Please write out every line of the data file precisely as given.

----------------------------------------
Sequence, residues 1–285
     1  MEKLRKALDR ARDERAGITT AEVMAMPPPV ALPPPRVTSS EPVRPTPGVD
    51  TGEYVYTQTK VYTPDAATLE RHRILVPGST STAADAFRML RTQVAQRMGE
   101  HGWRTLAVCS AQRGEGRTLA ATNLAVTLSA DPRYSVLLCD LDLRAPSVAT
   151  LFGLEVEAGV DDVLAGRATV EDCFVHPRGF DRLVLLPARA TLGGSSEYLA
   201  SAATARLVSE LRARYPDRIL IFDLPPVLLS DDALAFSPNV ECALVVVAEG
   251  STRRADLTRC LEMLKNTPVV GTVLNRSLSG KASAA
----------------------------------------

Sequence, residues 1–285
     1  MEKLRKALDR ARDERAGITT AEVMAMPPPV ALPPPRVTSS EPVRPTPGVD
    51  TGEYVYTQTK VYTPDAATLE RHRILVPGST STAADAFRML RTQVAQRMGE
   101  HGWRTLAVCS AQRGEGRTLA ATNLAVTLSA DPRYSVLLCD LDLRAPSVAT
   151  LFGLEVEAGV DDVLAGRATV EDCFVHPRGF DRLVLLPARA TLGGSSEYLA
   201  SAATARLVSE LRARYPDRIL IFDLPPVLLS DDALAFSPNV ECALVVVAEG
   251  STRRADLTRC LEMLKNTPVV GTVLNRSLSG KASAA